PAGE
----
When Leroy D'Entremont, the owner of the sheep, made the gathering last month, he was pretty sure he had missed a few at the northern end of the island. Those northern sheep have their own collective mentality which they somehow pass on, from generation to generation. They think of themselves as outsiders. They are elusive, shy and suspicious. It was up there that a ewe panicked and swam out into the harbour and drowned. Leroy thought that some of those northern lambs had evaded the gathering and so not gotten their tails docked with all the rest.The other day there were two lambs and a ewe out in the side yard. It's very odd to see only three sheep. We nearly always see them in bigger groups than that. When the lambs got up to graze we could see that they both had long tails. Their tails speak volumes, dangling proof that they ran away and hid in the woods to escape the gathering. They are, by the looks of it, from the north. The ewe is one of them, too. She is known by the company she keeps.
The shepherds really have no end of trouble with sheep who are bad flockers.
They look innocent enough, but they are a bad influence on the others.
A year ago Leroy had to struggle to catch the lamb we later named Cassandra. He tied her to a tree until he could come back to get her. Some well-meaning strangers came by and untied her, and she ran off and never did get her tail docked. She turned out to be a trouble-maker, a fear-monger, always sowing dark rumours among the flock. Now we have two more who obviously demonstrate the same outsider mentality.
On Friday there were fifteen contented sheep around the house, but these three were not among them. By yesterday the others had moved on to graze elsewhere, and the trio from the north arrived.

Through the wonders of modern technology, I can send the d'Entremonts pictures: lambs caught in the act of having tails. At last our spying on sheep is useful.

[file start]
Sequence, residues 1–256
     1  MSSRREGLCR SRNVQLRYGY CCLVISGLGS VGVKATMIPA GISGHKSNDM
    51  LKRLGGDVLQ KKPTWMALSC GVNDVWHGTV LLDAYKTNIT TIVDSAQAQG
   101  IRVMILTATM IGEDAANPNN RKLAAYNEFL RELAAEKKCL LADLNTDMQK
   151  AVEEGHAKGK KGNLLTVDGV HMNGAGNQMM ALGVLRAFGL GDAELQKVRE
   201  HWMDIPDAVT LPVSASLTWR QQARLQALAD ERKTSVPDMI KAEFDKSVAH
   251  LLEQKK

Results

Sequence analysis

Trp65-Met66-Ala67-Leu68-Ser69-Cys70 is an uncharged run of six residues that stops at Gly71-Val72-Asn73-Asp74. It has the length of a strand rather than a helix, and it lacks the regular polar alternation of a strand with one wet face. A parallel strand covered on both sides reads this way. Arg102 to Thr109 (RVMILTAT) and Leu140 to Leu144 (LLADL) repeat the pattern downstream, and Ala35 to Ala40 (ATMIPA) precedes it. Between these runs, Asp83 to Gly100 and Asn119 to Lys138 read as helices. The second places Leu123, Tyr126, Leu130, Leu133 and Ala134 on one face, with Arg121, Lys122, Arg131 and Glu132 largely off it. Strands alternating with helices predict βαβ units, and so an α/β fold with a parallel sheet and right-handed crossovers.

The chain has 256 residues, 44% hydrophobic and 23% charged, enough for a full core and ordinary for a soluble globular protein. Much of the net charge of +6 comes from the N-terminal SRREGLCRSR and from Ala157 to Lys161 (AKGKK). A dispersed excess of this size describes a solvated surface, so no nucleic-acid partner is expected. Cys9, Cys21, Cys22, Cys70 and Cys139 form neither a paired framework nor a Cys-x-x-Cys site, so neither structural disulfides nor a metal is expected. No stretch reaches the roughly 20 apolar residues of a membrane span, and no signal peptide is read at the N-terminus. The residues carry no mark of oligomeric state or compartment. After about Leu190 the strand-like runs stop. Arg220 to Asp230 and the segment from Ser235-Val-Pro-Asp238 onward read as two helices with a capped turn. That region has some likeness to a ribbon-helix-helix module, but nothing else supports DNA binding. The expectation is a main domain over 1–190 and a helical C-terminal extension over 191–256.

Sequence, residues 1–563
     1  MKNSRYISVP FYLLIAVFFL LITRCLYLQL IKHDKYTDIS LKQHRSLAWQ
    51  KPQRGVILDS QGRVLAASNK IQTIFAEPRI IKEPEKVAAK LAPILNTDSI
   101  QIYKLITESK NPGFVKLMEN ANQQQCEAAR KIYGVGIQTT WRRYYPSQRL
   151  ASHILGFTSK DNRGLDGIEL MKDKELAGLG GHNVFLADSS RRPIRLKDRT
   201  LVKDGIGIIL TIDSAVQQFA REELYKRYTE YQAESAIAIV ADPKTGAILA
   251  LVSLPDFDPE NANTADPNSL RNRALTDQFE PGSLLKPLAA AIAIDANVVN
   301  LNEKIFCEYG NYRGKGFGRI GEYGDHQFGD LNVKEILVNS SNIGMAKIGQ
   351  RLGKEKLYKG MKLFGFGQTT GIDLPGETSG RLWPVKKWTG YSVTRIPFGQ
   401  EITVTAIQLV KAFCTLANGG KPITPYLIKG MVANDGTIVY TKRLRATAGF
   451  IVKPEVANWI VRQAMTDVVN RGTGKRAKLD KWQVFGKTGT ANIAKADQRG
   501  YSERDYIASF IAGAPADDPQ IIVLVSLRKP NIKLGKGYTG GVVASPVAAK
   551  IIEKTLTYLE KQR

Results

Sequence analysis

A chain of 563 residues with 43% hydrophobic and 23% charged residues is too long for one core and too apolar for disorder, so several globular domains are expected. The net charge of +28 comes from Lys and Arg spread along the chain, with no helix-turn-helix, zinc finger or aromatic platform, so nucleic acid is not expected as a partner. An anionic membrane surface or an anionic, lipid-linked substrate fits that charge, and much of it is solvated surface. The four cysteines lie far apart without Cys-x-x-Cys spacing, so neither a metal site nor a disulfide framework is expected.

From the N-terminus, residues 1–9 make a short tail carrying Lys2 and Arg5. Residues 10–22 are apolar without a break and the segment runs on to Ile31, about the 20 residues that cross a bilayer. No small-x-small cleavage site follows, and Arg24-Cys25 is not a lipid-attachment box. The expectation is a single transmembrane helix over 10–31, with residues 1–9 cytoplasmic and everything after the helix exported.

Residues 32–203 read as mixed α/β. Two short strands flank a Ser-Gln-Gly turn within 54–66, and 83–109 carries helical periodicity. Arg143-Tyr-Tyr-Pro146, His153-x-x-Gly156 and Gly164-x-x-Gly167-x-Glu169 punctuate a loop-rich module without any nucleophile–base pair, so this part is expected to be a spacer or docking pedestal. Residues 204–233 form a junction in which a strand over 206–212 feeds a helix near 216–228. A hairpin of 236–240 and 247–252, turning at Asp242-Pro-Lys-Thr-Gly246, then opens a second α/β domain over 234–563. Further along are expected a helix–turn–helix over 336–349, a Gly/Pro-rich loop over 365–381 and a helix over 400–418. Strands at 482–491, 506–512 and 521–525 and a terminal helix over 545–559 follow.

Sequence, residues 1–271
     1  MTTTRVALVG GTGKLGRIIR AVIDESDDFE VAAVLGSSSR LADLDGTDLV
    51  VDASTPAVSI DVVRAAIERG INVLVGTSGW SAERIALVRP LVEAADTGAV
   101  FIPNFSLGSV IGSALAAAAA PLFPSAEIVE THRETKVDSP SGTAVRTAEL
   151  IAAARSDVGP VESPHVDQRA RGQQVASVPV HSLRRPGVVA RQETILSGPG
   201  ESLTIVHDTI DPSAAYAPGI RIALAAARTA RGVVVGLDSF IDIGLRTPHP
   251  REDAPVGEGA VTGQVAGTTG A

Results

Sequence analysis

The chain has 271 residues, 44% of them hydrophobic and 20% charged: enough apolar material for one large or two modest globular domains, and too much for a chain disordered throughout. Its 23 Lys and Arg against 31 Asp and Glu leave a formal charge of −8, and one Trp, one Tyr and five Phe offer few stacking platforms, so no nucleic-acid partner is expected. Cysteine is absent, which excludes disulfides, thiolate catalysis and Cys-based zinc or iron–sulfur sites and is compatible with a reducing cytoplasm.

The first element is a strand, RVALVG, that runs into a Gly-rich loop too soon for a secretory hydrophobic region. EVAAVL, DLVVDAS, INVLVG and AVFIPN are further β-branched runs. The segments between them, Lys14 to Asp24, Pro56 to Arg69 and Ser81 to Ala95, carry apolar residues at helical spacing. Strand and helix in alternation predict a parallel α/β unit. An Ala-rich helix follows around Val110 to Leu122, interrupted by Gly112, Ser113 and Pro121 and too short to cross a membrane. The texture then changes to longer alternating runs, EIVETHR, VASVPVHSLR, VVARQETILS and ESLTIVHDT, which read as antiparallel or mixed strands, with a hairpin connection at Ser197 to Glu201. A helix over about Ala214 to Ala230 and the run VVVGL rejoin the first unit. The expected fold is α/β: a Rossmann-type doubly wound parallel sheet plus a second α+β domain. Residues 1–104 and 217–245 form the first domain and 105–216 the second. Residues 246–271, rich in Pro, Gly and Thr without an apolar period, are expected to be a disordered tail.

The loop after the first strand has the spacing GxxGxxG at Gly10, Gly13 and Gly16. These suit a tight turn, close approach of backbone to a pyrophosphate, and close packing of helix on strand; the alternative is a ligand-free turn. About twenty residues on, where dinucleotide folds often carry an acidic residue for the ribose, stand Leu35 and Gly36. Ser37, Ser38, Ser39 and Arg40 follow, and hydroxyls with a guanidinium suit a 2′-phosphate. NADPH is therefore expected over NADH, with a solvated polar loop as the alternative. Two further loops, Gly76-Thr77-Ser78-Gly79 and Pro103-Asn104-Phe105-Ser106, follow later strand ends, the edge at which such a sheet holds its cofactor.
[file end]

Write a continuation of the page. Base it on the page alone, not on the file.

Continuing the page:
Saturday, October 24, 2009

Pushing ahead very rapidly in 1904

Thanks to Kim Walker, Archivist at the Shelburne County Archives and Genealogical Society, for sharing this article.

Friday, October 23, 2009

New perspective

Sometimes it helps to go away from a place so you can see it more clearly. I had been wanting to search the local archives in the Town of Shelburne for information about McNutt's Island. I was looking for material I couldn't get online.
And it worked out that I could spend a few days there this week. I visited the resource centre at the Shelburne County Museum, on Dock Street. I picked up some leads and hope to return next week for more poking around.
While I was at the resource centre I met people who were at work on very interesting things. Susan Gilson and Philip Neville were in town filming interviews for a Council of Nova Scotia Archives project called Routes to Your Roots. They chatted with Jeannie Peterson, a volunteer, and with Finn Bower, who is the museum's Curator. (Left to right: Finn, Jeannie, Philip, Susan.)
I saw a bunch of pigeons on top of the cooperage on Dock Street. I spent a terrific day at the Shelburne County Archives and Genealogical Society, too. I'll write more about that visit next week.

Monday, October 19, 2009

Northern Flicker, seen through a storm window on a rainy day

We have been seeing Northern Flickers around lately, along with one Blue Jay who is their buddy. They are big birds, and pretty spectacular. Yesterday a couple of them staked out the back yard to grub for grubs, worms, insects --whatever they find there. That's why they have those fabulous curved beaks.
Unlike most woodpeckers, the Northern Flicker prefers the bounty of the ground to that of the tree trunk.
They winter in Nova Scotia, and once last winter I saw one of them along the main road, in the island's forested interior. Some Northern Flickers visited for a few days last spring, then we didn't see them again until the past week or so.
Maybe they will decide to stay over on the island this winter.

Sunday, October 18, 2009

McNutts geography: James Park map of 1785

This map by James Park is dated 1785, only two years after the first Loyalists arrived at Port Roseway. It's a military map made by an engineer in the royal navy; its primary purpose is navigational. The Town of Shelburne is shown on the far left of the page, deep inside the inner harbour. This map makes quite clear the importance of the large island sitting at the entrance of Port Roseway Harbour, as it was then called. Ships need to enter through the eastern way. The west side of the island is a bit of a backwater, accessible only to local traffic, rowboats and small shallops, perhaps, or accessible to bigger vessels only on the high tide.